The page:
209

Here is a scatterplot of some multivariate data (in two dimensions): What can we make of it when the axes are left out? Introduce coordinates that are suggested by the data themselves. The origin will be at the centroid of the points (the point of their averages). The first coordinate axis (blue in the next figure) will extend along the "spine" ...


70

Methods overview Short reference about some linkage methods of hierarchical agglomerative cluster analysis (HAC). Basic version of HAC algorithm is one generic; it amounts to updating, at each step, by the formula known as Lance-Williams formula, the proximities between the emergent (merged of two) cluster and all the other clusters (including singleton ...


65

Adding to the other excellent answers, an answer with another viewpoint which maybe can add some more intuition, which was asked for. The Kullback-Leibler divergence is $$ \DeclareMathOperator{\KL}{KL} \KL(P || Q) = \int_{-\infty}^\infty p(x) \log \frac{p(x)}{q(x)} \; dx $$ If you have two hypothesis regarding which distribution is generating the data $X$,...


53

It might help to give slightly more of an overview of MMD.$\DeclareMathOperator{\E}{\mathbb E}\newcommand{\R}{\mathbb R}\newcommand{\X}{\mathcal X}\newcommand{\h}{\mathcal H}\DeclareMathOperator{\MMD}{MMD}$ In general, MMD is defined by the idea of representing distances between distributions as distances between mean embeddings of features. That is, say we ...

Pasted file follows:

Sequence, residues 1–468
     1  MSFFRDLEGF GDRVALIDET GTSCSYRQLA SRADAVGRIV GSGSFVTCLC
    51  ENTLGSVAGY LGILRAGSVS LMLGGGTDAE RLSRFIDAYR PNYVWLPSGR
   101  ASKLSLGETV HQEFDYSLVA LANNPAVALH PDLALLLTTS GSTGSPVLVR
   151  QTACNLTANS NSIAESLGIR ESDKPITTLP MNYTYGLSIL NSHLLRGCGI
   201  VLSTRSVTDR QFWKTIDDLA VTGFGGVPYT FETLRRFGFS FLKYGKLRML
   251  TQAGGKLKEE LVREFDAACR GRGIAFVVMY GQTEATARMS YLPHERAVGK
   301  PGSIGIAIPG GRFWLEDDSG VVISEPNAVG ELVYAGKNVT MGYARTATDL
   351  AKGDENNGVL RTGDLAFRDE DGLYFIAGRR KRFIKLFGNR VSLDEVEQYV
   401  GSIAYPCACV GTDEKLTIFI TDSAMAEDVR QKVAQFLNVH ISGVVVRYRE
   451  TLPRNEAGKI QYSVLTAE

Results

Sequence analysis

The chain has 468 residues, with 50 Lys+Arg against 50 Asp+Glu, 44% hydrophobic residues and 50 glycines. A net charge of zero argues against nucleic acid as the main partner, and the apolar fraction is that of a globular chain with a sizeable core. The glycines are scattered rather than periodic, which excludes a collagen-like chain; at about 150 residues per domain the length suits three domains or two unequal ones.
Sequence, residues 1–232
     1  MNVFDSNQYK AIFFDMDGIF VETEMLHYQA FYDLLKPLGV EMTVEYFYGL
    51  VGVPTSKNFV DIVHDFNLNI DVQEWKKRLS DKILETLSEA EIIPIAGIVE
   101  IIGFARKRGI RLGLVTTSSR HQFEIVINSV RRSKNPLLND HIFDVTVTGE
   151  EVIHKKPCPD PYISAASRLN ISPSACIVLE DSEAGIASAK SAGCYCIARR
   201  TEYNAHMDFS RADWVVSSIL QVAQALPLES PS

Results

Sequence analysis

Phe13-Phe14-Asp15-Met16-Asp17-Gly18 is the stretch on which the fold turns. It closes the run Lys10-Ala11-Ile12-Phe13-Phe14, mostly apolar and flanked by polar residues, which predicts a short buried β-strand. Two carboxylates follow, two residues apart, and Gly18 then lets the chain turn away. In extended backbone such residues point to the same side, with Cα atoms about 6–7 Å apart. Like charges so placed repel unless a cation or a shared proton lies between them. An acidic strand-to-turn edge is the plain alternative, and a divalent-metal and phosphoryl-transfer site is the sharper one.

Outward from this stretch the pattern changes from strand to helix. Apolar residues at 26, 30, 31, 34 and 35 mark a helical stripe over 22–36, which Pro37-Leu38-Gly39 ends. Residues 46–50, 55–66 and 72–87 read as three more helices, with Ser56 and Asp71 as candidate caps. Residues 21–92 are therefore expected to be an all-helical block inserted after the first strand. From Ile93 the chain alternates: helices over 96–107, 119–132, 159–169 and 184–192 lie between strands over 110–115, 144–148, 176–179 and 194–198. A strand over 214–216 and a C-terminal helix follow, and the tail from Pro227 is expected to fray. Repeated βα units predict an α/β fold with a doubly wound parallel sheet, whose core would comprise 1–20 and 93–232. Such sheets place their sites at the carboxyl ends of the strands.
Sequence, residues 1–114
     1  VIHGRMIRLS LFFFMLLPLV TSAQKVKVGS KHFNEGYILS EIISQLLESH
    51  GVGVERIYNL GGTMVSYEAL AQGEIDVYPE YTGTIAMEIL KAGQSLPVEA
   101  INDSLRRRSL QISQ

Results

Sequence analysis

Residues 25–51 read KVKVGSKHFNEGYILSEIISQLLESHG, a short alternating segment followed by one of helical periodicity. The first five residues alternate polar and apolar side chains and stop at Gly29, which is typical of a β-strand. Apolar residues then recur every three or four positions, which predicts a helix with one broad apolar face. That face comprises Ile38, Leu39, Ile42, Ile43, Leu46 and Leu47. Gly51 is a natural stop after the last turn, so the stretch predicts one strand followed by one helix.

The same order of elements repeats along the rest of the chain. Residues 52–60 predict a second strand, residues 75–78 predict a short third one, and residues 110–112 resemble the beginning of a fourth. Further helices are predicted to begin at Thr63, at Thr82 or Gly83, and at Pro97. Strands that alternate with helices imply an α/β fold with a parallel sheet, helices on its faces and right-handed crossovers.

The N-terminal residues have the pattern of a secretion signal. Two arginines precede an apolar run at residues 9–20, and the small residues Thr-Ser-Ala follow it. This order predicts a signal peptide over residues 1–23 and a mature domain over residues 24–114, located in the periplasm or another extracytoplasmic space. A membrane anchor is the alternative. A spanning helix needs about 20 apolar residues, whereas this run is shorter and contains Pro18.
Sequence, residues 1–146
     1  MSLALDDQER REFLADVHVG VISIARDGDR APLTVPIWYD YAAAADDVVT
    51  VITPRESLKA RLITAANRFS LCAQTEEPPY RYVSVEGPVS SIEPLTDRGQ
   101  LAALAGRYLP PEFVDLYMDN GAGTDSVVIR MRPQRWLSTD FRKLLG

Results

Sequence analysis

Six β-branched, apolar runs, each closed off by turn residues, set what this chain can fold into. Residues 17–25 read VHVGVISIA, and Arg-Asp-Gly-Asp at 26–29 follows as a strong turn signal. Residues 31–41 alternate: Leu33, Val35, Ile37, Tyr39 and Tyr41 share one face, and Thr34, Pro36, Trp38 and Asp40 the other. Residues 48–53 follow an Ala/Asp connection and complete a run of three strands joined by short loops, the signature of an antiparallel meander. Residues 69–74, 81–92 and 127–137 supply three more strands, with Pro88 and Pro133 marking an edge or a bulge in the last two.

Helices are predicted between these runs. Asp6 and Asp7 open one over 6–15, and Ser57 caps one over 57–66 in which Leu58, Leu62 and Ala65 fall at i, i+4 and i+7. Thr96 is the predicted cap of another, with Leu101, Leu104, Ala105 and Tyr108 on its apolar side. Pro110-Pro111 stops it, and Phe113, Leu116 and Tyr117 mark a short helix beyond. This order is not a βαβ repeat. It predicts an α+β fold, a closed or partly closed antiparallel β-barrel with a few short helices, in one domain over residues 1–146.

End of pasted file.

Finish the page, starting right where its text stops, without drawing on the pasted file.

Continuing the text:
39

My grandma cooks. Yours might too. Cooking is a delicious way to teach statistics. Pumpkin Habanero cookies are awesome! Think about how wonderful cinnamon and ginger can be in Christmas treats, then realize how hot they are on their own. The ingredients are: habanero peppers (10, seeded and finely minced) sugar (1.5 cups) butter (1 cup) vanilla ...


36

A (metric) distance $D$ must be symmetric, i.e. $D(P,Q) = D(Q,P)$. But, from definition, $KL$ is not. Example: $\Omega = \{A,B\}$, $P(A) = 0.2, P(B) = 0.8$, $Q(A) = Q(B) = 0.5$. We have: $$KL(P,Q) = P(A)\log \frac{P(A)}{Q(A)} + P(B) \log \frac{P(B)}{Q(B)} \approx 0.19$$ and $$KL(Q,P) = Q(A)\log \frac{Q(A)}{P(A)} + Q(B) \log \frac{Q(B)}{P(B)} \approx 0....


31

This question can be answered as stated only by assuming the two random variables $X_1$ and $X_2$ governed by these distributions are independent. This makes their difference $X = X_2-X_1$ Normal with mean $\mu = \mu_2-\mu_1$ and variance $\sigma^2=\sigma_1^2 + \sigma_2^2$. (The following solution can easily be generalized to any bivariate Normal ...


30